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Meyer London

Meyer London was a congressman, one of those 50 representatives and six senators to vote against american entry into World War I. He was Jewish Socialist.


  • Meyer London was born in Kalvarija, Lithuania (then part of the Russian Empire) on December 29, 1871. Meyer's father, Efraim London, was a former Talmudic scholar who had become politically revolutionary and philosophically agnostic, while his mother had remained a devotee of Judaism. His father had established himself as a grain merchant in Zenkov, a small town located in Poltava province of the Ukraine, but his financial situation was poor and in 1888 his father emigrated with Meyer's younger brother to the United States, leaving Meyer behind.

    In 1891, when Meyer was 20, the family decided to follow his father to America so Meyer terminated his studies and departed for New York City, taking up residence in the city's largely Jewish Lower East Side.

  • Education

    • Meyer attended Cheder, a traditional Jewish primary school in which he learned Hebrew, before entering Russian-language schools to begin his secular education.

      In 1896, London was accepted to the law school of New York University, attending most of his classes at night. He completed the program and was admitted to the New York City Bar Association in 1898, becoming a labor lawyer, taking on cases which fought injunctions or defending the rights of tenants against the transgressions of landlords. London did not handle criminal cases, but rather limited himself to matter of civil law.


    • Meyer earned money as a tutor, taking on pupils at irregular hours and teaching literature and other topics. He later obtained a job as a librarian, a position which allowed him sufficient time to read about history and politics and to study law in his free time. Meyer also frequented radical meetings, gradually developing proficiency as a public speaker and participant in public debates.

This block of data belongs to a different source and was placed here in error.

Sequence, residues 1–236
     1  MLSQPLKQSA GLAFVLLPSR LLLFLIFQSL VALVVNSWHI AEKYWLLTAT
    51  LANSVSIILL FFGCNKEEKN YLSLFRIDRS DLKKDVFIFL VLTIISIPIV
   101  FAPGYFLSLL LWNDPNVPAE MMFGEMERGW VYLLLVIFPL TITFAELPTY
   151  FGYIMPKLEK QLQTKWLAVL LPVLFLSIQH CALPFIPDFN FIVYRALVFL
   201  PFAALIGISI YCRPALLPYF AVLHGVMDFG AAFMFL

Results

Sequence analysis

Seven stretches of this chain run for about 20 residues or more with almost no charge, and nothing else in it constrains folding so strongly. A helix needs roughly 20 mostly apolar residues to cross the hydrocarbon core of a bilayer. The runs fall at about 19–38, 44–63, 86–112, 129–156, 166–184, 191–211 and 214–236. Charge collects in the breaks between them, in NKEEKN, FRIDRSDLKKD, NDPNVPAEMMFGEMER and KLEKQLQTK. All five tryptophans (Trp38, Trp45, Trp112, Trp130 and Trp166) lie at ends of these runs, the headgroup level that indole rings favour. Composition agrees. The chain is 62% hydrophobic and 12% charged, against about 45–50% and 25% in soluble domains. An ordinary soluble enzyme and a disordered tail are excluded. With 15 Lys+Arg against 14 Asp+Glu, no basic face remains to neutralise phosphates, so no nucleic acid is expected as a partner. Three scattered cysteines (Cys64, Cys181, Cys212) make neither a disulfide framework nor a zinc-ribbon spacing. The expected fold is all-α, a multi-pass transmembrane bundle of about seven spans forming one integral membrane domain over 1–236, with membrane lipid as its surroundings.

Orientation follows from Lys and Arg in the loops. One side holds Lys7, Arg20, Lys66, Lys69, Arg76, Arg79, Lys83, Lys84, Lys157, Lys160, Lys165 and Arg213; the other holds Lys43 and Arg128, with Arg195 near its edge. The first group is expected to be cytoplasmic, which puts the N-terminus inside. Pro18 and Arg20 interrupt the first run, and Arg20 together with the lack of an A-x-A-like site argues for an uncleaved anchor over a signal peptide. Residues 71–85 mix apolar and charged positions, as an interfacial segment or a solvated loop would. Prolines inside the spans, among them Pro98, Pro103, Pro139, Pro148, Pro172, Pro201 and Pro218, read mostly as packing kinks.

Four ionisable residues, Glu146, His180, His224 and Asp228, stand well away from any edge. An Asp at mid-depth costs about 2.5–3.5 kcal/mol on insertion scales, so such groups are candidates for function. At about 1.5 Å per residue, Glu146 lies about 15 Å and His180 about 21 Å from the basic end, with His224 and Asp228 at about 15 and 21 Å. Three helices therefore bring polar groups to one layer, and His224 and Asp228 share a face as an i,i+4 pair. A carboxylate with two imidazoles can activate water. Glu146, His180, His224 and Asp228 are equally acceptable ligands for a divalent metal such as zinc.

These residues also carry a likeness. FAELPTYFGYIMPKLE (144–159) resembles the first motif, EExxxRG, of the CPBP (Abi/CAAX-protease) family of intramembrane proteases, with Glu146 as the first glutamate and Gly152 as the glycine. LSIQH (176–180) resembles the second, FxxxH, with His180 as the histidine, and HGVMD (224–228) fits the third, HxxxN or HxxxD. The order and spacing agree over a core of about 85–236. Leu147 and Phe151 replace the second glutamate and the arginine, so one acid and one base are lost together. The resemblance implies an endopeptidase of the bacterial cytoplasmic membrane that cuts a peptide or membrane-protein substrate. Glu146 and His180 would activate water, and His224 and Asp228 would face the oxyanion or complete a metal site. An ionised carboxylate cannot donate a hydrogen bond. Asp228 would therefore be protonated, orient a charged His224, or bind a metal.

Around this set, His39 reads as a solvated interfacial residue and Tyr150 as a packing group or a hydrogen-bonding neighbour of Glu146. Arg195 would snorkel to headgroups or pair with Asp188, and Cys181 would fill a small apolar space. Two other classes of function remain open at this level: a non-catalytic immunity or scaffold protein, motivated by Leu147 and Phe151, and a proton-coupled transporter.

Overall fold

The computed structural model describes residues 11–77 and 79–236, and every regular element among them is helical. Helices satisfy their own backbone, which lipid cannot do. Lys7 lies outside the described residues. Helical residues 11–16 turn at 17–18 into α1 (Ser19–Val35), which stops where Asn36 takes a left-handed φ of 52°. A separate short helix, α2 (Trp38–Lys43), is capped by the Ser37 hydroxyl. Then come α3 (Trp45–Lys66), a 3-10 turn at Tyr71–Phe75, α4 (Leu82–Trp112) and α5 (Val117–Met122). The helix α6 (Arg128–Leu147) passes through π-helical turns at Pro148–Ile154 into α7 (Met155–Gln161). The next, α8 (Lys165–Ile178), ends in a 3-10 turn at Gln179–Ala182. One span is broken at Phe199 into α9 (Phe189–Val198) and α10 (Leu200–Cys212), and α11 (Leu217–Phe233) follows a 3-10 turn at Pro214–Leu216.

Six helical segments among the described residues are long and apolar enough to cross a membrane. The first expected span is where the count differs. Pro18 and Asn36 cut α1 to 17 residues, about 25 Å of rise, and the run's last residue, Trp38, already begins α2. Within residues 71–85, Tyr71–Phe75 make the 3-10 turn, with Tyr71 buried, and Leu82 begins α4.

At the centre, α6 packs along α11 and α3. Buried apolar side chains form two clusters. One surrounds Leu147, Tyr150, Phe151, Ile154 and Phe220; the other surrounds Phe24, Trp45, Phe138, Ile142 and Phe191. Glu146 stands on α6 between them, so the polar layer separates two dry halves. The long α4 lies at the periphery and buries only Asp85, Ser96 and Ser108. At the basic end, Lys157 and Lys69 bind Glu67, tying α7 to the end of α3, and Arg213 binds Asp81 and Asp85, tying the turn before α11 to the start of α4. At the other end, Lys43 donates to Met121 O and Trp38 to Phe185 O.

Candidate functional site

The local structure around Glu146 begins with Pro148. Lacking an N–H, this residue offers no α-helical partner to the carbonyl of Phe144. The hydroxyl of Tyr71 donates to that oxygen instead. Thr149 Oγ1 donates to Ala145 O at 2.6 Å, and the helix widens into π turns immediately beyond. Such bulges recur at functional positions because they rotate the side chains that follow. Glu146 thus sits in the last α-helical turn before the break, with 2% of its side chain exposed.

In the 1890s, London joined the Socialist Labor Party of America (SLP), standing as its candidate for New York State Assembly in 1896. He was attracted by Eugene V. Debs and his new Social Democracy of America in 1897, however, and he resigned from the SLP in that year to help form Local Number One of the Social Democracy in New York in that year.

      In 1898, London again ran for New York Assembly in the old 4th Assembly District, this time as the candidate of the Social Democratic Party of America, successor organization of Debs' Social Democracy.

      In the summer of 1901, the Chicago-based Social Democratic Party merged with another group of former adherents of the Socialist Labor Party to form the Socialist Party of America (SPA), and London transferred his political allegiance to the new organization. He ran for a third time for the 4th Assembly District seat in 1904, this time under the banner of the SPA.

      London was active in the 1910 New York Cloakmakers Strike, during which the International Ladies' Garment Workers' Union (ILGWU) brought out 50,000 in a successful struggle for higher wages and better work conditions against their employers. In his capacity as counsel for the ILGWU, London drew up and published a communique in the name of the strike committee.

      As a Congressman, Meyer London was one of 50 representatives and six senators to vote against entry into World War I. Once America was at war, however, London felt obliged to support the nation's efforts in the conflict. He strongly opposed the Espionage Act of 1917 and the Sedition Act of 1918, which made criticism of the president or the war a crime, and in the end cast the only vote in the House against the Sedition Act of 1918. These actions angered his constituency, London said, "I wonder whether I am to be punished for having had the courage to vote against the war or for standing by my country’s decision when it chose war."